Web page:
NASA’s New Horizon’s mission, scheduled to flyby dwarf planet Pluto and its moons on July 14th, suffered an anomaly on July 4th, causing a temporary loss of communications with the spacecraft. No images were scheduled to be taken during the down-time, and science data collection was only minimally affected.
From a John Hopkins Applied Physics Laboratory Press Release:
The recovery from a July 4 anomaly that sent the New Horizons spacecraft into safe mode is proceeding according to plan, with the mission team preparing to return to normal science operations on time on July 7.
Mission managers reported during a July 6 media teleconference that NASA’s New Horizons spacecraft resumed operations on its main computer overnight. The sequence of commands for the Pluto flyby have now been uplinked to the spacecraft, and full, as-planned science observations of Pluto, its moons and the solar winds will resume at 12:34 p.m. EDT July 7.
The quick response to the weekend computer glitch assures that the mission remains on track to conduct the entire close flyby sequence as planned, including the July 14 flyby observations of Pluto. “We’re delighted with the New Horizons response to the anomaly,” said Jim Green, NASA’s director of planetary science. “Now we’re eager to get back to the science and prepare for the payoff that’s yet to come.”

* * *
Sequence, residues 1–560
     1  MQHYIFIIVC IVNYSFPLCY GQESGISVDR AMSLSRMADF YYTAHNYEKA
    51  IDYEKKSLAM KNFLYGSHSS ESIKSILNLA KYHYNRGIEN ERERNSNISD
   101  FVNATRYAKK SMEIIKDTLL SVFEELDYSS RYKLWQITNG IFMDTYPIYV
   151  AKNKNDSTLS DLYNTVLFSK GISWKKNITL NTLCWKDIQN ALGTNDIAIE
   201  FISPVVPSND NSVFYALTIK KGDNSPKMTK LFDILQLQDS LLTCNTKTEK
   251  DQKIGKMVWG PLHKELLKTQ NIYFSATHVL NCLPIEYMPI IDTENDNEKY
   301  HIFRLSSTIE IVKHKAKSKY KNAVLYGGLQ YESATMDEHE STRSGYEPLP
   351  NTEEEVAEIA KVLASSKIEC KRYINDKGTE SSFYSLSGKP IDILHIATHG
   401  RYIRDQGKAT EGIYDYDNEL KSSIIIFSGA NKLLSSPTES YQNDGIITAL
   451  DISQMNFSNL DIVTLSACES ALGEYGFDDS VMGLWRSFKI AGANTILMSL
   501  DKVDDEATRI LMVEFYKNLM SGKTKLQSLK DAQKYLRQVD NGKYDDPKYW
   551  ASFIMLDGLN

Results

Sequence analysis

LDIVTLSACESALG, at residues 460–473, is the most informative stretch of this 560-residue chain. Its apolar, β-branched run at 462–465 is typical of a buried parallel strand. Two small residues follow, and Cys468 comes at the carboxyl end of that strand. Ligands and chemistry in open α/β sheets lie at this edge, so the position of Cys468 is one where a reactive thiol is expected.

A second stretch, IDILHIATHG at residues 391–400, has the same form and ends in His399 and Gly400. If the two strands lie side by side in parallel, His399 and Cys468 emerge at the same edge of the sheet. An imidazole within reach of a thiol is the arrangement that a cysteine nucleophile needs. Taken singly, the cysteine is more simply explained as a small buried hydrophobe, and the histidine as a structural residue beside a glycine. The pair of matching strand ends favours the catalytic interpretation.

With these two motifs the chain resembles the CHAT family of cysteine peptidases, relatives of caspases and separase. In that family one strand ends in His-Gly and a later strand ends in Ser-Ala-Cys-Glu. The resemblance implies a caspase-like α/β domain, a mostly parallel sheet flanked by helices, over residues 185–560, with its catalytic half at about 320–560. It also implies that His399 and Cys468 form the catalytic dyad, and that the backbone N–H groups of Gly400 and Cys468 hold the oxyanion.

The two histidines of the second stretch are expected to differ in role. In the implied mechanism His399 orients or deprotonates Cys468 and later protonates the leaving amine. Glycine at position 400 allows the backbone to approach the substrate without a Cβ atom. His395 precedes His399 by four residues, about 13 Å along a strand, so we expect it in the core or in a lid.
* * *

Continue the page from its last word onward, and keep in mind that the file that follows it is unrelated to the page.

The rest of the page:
The investigation into the anomaly that caused New Horizons to enter safe mode on July 4 has confirmed that the main computer was overloaded due to a timing conflict in the spacecraft command sequence. The computer was tasked with receiving a large command load at the same time it was engaged in compressing previous science data. The main computer responded precisely as it was programmed to do, by entering safe mode and switching to the backup computer.
Thirty observations were lost during the three-day recovery period, representing less than one percent of the total science that the New Horizons team hoped to collect between July 4 and July 16. None of the mission’s most critical observations were affected. There’s no risk that this kind of anomaly could happen again before flyby, as no similar operations are planned for the remainder of the Pluto encounter.
“This is a speed bump in terms of the total return we expect to receive from this historic mission,” said Alan Stern, New Horizons principal investigator with the Southwest Research Institute, Boulder, Colorado. “When we get a clear look at the surface of Pluto for the very first time, I promise, it will knock your socks off.”
The Johns Hopkins University Applied Physics Laboratory in Laurel, Maryland, designed, built, and operates the New Horizons spacecraft, and manages the mission for NASA’s Science Mission Directorate. The Southwest Research Institute, based in San Antonio, leads the science team, payload operations and encounter science planning. New Horizons is part of the New Frontiers Program managed by NASA’s Marshall Space Flight Center in Huntsville, Alabama.